The Victorian Environment Assessment Council pointed out in its recent report that DSE possesses ‘vast’ amounts of information about forest ecology, but suggested that DSE workers are not necessarily in possession of this knowldge when it recommended the implementation of training schemes for those working in the bush [see item below].
This is one problem with DSE and Parks Victoria land management practices. The other one is intense political pressure to conduct large fuel reduction burns without particular regard to local conditions.
In this context, DSE has begun to plan the next stage of its fuel reduction strategy by inviting interested groups, including FOBIF, to participate in this planning process.
FOBIF’s position on fire has been consistent for many years: use of fire as a management tool should be no different from any other management activity. That is, it should be guided by the best available knowledge; and each exercise should be conducted with the lessons of the previous one in mind, in the effort to improve results, both for safety and for the bush environment.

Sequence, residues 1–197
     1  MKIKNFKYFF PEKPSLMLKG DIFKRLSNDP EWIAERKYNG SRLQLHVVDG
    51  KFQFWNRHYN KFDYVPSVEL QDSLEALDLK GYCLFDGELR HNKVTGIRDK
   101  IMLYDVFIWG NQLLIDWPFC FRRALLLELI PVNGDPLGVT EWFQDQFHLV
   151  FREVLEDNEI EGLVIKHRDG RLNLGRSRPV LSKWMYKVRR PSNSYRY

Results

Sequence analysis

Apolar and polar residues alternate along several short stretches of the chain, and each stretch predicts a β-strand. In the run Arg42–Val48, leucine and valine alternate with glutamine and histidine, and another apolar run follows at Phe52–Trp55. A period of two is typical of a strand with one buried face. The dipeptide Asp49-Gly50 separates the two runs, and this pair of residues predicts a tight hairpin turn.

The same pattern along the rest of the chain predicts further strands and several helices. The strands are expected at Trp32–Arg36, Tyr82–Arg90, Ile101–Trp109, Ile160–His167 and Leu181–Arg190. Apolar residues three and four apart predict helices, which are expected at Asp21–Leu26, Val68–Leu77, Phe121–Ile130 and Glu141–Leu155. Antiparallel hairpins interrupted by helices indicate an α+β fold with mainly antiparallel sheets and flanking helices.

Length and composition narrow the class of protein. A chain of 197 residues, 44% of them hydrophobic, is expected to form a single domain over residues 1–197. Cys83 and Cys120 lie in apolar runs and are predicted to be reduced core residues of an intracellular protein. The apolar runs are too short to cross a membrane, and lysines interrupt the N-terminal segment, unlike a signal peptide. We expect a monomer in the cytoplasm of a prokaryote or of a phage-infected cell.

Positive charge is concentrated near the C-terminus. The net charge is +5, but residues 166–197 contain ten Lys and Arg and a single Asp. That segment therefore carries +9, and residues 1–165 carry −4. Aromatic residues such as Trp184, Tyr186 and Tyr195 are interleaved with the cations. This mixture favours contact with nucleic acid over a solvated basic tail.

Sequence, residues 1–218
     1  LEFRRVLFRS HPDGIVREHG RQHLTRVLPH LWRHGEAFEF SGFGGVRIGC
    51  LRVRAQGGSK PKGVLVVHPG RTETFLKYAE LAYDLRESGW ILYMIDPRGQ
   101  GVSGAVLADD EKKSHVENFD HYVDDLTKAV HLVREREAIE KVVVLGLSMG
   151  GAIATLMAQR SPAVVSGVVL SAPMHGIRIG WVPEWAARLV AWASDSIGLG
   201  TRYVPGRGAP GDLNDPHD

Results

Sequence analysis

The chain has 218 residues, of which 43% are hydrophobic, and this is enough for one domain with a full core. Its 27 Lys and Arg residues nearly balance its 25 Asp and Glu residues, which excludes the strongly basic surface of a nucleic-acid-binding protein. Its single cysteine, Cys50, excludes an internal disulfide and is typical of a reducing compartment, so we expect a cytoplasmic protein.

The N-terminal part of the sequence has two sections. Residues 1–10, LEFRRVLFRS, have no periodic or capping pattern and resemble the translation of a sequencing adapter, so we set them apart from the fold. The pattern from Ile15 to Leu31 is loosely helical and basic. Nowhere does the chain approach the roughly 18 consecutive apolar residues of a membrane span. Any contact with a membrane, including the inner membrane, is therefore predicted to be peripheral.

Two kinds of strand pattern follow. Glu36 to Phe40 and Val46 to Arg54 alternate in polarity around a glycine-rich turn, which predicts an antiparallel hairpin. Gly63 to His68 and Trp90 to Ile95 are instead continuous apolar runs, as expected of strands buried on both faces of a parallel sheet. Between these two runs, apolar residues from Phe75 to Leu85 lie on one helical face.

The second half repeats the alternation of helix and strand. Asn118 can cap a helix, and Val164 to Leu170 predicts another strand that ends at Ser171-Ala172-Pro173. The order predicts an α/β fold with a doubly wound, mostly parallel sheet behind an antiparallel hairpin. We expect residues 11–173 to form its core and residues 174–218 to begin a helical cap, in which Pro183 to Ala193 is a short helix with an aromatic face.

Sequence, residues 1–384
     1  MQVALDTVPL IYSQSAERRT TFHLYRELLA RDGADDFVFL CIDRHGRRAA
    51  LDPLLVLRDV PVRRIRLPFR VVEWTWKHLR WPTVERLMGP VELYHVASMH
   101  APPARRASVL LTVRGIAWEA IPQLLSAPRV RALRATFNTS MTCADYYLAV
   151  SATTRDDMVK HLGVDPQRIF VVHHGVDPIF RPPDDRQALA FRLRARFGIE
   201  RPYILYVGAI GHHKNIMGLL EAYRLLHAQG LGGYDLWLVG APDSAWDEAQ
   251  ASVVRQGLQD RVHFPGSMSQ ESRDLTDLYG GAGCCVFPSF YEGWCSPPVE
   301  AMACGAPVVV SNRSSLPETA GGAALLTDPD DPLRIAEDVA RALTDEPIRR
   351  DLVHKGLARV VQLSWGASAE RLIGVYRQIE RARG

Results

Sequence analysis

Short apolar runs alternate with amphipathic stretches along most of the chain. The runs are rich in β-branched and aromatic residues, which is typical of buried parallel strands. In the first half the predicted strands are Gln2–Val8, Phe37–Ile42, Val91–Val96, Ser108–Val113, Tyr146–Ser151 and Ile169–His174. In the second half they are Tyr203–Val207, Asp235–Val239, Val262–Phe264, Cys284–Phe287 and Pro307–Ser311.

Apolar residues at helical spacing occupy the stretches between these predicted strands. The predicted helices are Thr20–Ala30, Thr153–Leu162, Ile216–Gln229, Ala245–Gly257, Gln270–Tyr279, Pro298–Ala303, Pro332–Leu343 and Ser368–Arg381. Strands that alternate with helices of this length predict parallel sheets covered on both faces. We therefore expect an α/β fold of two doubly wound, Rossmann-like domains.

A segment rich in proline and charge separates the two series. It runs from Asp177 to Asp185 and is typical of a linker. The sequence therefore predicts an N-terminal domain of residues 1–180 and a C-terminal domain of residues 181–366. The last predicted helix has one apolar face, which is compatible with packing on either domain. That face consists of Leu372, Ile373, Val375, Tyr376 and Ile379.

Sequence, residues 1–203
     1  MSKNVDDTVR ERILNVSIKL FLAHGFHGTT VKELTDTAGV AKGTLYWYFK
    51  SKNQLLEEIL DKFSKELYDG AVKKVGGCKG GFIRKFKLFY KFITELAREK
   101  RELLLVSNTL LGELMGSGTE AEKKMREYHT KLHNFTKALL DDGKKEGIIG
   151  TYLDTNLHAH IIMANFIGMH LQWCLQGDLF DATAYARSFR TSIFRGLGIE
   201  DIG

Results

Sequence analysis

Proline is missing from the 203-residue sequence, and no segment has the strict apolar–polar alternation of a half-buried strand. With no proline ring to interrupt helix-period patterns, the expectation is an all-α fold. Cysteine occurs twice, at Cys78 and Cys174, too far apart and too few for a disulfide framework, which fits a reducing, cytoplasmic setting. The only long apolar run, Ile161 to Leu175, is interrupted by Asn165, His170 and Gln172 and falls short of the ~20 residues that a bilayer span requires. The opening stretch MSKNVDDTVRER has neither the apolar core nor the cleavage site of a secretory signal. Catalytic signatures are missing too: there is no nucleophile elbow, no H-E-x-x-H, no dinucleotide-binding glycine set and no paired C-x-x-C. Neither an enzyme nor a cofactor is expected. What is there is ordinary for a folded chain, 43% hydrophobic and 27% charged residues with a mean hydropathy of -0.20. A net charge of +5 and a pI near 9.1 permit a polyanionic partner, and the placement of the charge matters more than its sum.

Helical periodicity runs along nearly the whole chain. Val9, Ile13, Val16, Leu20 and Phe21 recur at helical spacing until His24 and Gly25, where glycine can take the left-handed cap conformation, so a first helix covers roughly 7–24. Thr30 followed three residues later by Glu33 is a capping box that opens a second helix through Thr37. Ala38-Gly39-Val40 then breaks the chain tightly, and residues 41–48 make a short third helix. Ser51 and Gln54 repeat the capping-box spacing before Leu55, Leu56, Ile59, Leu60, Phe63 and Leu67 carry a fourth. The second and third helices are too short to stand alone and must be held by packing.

This is, in fact, DSE’s own policy of adaptive management. Readers of our statements on fire [see https://www.fobif.org.au/documents/ and recent posts under Fire Management at https://www.fobif.org.au/category/fire-management/ ] will know of our dissatisfaction with the way it has been implemented. We will participate in the consultation process, however, in the belief that DSE and Parks officers want to do the best job possible with the resources available. Our submission is printed above.